Coronavirus Outbreak: French football fraternity divided over resumption of league amid COVID-19 crisis
Confusion reigns in French football as to whether the league should resume amid the coronavirus pandemic.
Paris: Confusion reigns in French football as to whether the league should resume amid the coronavirus pandemic.
The co-president of the French professional football players' union called for the league to stop, while coaches in the top two divisions have expressed diverging opinions whether the 10 remaining games should be played.
“It is legitimate to collectively ask ourselves the question of whether championships should continue,” Sylvain Kastendeuch wrote in a column for Le Monde newspaper. “The economic emergency should not override the priority for public health. Let us renounce a rushed and dangerous resumption of the championship.”
The president of the national union of coaches, former France coach Raymond Domenech, said “all of the stances taken at this current time, from one side or another” were not leading anywhere.
“For the moment no one knows where we're heading, taking a fixed stance makes no sense,” he said in a video on Tuesday on sports daily L’Équipe’s website. “Resuming just like that is impossible, that’s obvious to everybody. But we can do everything to try to resume. We can ask questions about how we can resume and under what conditions.”
But the players' union estimated that 75 percent of its membership fear getting injured if the league resumes with a packed schedule, and are worried about the virus spreading.
However, the union also took a slightly more cautious view than Kastendeuch.
“A return to competition seems difficult to envisage at this stage," the UNFP said in a statement following Kastendeuch's column on Monday. “However, if in the days ahead all the doubts can be removed to allow a resumption in the best conditions, the UNFP obviously won't oppose this.”
France's top two divisions fall under the umbrella of the French league's governing body.
The LFP's administrative council unanimously voted on 10 April to consider resuming on 17 June and concluding the games — 11 for leader Paris Saint-Germain and mid-table Strasbourg — by 25 July. In that hypothetical scenario, next season would start on 22 August.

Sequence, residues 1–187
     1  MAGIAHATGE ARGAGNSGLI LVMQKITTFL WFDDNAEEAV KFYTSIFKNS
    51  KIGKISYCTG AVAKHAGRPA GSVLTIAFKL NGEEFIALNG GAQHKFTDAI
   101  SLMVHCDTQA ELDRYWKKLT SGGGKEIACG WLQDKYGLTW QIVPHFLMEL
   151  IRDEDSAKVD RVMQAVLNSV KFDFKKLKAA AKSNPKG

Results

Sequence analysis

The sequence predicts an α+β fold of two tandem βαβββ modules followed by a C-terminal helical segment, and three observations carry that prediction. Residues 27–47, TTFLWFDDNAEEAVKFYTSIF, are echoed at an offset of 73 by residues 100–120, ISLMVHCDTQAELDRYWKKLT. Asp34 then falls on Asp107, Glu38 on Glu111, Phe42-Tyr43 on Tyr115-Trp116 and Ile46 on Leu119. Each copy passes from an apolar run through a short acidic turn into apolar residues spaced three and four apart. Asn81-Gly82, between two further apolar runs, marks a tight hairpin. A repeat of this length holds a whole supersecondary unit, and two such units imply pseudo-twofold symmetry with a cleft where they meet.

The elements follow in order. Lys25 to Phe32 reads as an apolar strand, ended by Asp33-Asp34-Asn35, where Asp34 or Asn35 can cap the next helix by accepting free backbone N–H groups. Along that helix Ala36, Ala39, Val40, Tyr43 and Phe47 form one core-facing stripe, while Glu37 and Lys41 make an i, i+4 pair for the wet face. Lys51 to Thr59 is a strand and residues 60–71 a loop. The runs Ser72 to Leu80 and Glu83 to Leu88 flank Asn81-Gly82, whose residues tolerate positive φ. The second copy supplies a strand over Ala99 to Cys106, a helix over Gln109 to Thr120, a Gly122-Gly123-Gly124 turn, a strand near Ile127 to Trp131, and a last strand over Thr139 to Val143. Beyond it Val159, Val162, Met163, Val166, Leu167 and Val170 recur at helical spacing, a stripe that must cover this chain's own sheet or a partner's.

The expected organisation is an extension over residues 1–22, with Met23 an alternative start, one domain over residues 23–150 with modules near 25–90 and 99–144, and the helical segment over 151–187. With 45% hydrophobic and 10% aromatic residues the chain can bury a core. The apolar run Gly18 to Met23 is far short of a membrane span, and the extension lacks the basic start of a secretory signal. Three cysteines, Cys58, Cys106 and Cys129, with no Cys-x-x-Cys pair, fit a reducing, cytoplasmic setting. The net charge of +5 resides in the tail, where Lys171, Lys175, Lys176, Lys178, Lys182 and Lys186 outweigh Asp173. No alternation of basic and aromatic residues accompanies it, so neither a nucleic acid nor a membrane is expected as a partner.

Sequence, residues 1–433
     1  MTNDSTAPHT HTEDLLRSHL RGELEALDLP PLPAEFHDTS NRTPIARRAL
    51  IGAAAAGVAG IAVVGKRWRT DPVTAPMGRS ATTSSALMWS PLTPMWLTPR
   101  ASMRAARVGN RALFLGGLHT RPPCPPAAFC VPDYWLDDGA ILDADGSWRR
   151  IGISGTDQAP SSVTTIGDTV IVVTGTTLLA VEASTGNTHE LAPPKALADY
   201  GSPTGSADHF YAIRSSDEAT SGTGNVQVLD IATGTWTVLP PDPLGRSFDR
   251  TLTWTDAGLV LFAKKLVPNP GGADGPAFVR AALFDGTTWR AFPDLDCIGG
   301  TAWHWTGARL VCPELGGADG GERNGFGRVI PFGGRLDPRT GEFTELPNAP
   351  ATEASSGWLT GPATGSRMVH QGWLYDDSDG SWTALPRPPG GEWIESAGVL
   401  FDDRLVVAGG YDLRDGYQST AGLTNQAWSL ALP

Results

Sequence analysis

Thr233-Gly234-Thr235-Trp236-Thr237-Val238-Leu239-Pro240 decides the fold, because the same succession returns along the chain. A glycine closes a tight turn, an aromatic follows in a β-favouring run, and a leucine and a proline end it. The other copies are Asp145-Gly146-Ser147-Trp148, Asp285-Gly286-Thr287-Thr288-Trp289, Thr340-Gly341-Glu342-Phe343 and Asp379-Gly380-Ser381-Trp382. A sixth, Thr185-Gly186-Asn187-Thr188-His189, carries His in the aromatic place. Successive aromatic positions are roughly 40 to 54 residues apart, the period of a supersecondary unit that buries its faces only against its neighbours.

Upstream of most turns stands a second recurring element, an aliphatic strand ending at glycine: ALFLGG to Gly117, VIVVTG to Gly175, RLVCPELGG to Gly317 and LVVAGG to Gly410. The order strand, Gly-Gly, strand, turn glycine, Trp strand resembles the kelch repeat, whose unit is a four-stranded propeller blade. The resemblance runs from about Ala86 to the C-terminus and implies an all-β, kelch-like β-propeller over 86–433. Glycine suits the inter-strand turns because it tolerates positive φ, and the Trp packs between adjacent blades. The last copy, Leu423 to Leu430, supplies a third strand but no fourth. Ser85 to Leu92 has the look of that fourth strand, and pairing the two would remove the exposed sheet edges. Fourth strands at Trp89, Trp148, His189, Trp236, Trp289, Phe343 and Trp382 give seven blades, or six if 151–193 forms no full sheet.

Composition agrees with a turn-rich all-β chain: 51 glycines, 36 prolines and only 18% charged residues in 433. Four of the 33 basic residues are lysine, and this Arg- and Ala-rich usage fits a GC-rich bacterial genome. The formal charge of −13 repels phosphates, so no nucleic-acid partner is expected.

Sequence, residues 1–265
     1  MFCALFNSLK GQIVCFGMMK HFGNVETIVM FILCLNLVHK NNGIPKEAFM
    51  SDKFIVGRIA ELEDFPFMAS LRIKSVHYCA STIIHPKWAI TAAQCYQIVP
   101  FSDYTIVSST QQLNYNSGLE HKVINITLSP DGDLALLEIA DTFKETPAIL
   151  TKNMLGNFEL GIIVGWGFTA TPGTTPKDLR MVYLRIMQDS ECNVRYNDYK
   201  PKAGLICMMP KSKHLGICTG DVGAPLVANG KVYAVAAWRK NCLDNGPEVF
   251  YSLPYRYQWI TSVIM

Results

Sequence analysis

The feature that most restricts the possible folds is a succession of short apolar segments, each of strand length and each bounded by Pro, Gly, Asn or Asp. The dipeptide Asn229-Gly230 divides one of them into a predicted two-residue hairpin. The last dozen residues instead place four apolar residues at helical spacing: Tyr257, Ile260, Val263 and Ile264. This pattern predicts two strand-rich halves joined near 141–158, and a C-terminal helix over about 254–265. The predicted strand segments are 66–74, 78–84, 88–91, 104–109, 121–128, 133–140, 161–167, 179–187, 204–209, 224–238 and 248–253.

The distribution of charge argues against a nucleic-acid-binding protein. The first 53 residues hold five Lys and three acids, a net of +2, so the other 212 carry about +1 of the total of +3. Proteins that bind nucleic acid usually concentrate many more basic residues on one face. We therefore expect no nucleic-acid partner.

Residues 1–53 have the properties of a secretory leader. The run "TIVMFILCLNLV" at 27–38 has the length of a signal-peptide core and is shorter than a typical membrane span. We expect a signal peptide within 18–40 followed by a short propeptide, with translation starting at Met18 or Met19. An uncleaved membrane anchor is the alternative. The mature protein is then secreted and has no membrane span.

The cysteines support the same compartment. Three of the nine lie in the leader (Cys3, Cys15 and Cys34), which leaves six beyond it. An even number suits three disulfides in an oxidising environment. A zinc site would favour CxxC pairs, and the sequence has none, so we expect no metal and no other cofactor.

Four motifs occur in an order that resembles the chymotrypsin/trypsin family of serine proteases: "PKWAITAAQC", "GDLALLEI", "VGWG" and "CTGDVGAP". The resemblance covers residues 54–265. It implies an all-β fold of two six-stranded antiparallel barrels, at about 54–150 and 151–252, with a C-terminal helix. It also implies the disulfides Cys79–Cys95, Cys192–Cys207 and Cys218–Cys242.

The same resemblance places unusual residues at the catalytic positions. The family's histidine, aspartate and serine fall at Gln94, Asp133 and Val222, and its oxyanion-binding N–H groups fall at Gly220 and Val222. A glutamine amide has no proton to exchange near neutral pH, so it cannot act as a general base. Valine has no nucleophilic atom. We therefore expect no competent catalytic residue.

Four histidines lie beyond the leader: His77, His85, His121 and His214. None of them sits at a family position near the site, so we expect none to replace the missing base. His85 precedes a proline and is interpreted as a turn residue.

France is in lockdown until 11 May, with the government set to announce at the end of April what measures will be put in place when the confinement ends.
The LFP has asked its doctors and the French Football Federation medical commission to devise a medical protocol which would allow training to resume “in the manner of those announced last week by the major leagues (of Germany, Italy, Spain)."
Pointing to protocols elsewhere, Domenech urged French football to be more flexible in its outlook.
“(So) we should say from one day to the next: ‘We’re stopping?' ... Let's look at others,” he said.
Lyon coach Rudi Garcia, whose side is involved in the Champions League round of 16 against Juventus, is among those who favor a resumption, while Brest and Dijon do not.
“We want to resume in the right conditions. Conditions which will allow us not to play every three days, or at least not systematically,” Lyon coach Rudi Garcia told sports daily L’Equipe "(Conditions) which will allow us to give the players two weeks of rest between the two seasons.”
The president of second-division Clermont also wants the leagues to finish.
“It's better to resume behind closed doors than not at all. Bakers are obliged to resume work on May 11 and take the risk of being exposed to the virus. Why should soccer not resume?" Ahmet Schaefer said. "On the contrary. We should also return to work ... I don't understand France when I see what's happening in Germany, in Italy or in Austria.”
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